From the Chairman's Desk
CONNECTING TERRITORIAL SOVEREIGNTY WITH NATIONALISM AND WHAT IT MEANS FOR US AS BELIZEANS
Kindly allow me to begin, by first stating that it is an honour to be here, in your midst. I take particular pride in (1) being afforded the opportunity to liaise with the youth of Belize and (2) it just happens that the subject of this year’s Social Justice Forum, that being “Territorial Sovereignty: Its Role in Nationalism” incorporates two, matters which are near and dear to my heart.
Bearing this in mind, in opening this presentation, I shall utter something and ask that you take a brief moment to reflect what it means to you. That which I request you reflect upon is the number “8867”. Think about it, because we shall come back to, in due course.
Given that you have already heard from one of my esteemed colleagues, I shall endeavor to bring together some of the elements he covered, by demonstrating the essential connections between territorial sovereignty, with nationalism, and what it means for us as Belizeans.
Insofar as I am concerned, “Territorial Sovereignty” and “Nationalism” go hand-in-hand. Better yet, I shall say that the two are inseparable. Let us take a look at the word, “Territorial Sovereignty”. Fundamentally, it gives credence to the “Exclusive right of a state to exercise its powers within the boundaries of its territories.” Another definition extols that it is, “the full right and power of a governing body to govern itself without any interference from outside sources or bodies.” Of course, given the current climate in and around Belize, in particular, involving our neighbour to the west’s persistence in pushing its unfounded claim to our sovereign territory, I trust you agree this is a rather salient topic.
As for the word, “Nationalism”, according to the Merriam-Webster Dictionary, it is defined as, “loyalty and devotion to a nation, especially: a sense of national consciousness exalting one nation above all others and placing primary emphasis on promotion of its culture and interests as opposed to those of other nations or supranational groups”. Now I dare say, that is quite a mouthful and honestly, it is, for several reasons. Of course, the explanation is rather lengthy, but more important is the essence of that which it describes. In effect nationalism, is quite simply, LOVE OF COUNTRY, ABOVE ALL THINGS, SAVE FOR GOD.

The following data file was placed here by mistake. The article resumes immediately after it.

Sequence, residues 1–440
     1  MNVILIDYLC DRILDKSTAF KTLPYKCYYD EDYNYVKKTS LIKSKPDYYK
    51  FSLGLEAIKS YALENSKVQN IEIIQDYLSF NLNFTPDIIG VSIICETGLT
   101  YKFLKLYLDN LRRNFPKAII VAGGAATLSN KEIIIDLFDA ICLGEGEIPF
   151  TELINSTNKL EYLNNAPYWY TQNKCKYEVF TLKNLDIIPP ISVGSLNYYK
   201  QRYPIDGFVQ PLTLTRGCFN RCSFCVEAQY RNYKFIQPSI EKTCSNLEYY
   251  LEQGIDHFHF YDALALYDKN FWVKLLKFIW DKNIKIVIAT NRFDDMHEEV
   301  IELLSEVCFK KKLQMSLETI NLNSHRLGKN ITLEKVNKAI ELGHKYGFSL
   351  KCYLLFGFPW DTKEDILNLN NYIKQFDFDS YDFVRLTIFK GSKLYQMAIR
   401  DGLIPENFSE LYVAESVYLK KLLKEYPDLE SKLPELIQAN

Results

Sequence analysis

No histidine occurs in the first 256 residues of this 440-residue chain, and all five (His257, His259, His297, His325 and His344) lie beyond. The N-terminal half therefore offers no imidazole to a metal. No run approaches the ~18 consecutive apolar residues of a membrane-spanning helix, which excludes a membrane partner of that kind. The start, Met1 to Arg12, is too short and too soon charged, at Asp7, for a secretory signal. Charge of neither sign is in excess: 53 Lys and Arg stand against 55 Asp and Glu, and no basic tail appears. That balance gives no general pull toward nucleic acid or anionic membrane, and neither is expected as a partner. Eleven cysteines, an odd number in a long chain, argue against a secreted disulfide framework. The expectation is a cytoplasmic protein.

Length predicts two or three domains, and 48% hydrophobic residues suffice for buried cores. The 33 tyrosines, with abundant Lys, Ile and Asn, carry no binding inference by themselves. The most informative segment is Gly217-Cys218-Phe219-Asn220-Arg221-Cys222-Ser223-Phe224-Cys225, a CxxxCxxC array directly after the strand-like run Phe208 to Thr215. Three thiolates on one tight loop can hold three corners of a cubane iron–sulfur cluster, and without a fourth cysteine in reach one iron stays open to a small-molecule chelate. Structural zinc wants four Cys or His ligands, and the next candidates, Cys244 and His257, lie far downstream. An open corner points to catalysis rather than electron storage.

As I alluded to earlier, the significance of both Territorial Sovereignty and Nationalism within the Belizean context, given Guatemala’s obstinate continuance of its claim, coupled with the most unfortunate foreign policy (or lack thereof) that has been adopted by successive administrations, which span the political gamut, takes on added importance for the well-being of our nation-state. I say this because in my humble opinion, the actions as demonstrated by the aforementioned have manifest into what I refer to as the Government of Belize’s “4A Policy” which is indicative of: APPEASEMENT, ACQUIESENCE, ACCOMMODATION and ADHERENCE to the Guatemalans, under the aegis of the Organisation of the American States (OAS).
One might ask, why I have come to such conclusion. To that I say, the answer lies within the realities associated with Belize’s Territorial Sovereignty and my sense of nationalism. Concerning the former issue, for anyone who asks, I simply refer them to a document which I believe represents that which defines our nation – The Belize Constitution. Specifically, I give reference to Chapter 4 of the Laws of Belize Part 1 –The State and The Constitution – Section 1. There you shall find precisely, that which defines our borders, which I might add, are real and exist. I know, because I am part of the Belize Territorial Volunteers and have visited each of the border markers, including: Gracias A Dios, Aguas Turbias and Garbutt Falls. To add to my conviction is the fact that on 21st September 1981, Belize was recognized by the United Nations as a sovereign nation, with its territory in-tact. For me, a Belizean and a self-avowed nationalist, that is the crowing element regarding international recognition of the nation-state of Belize – full stop.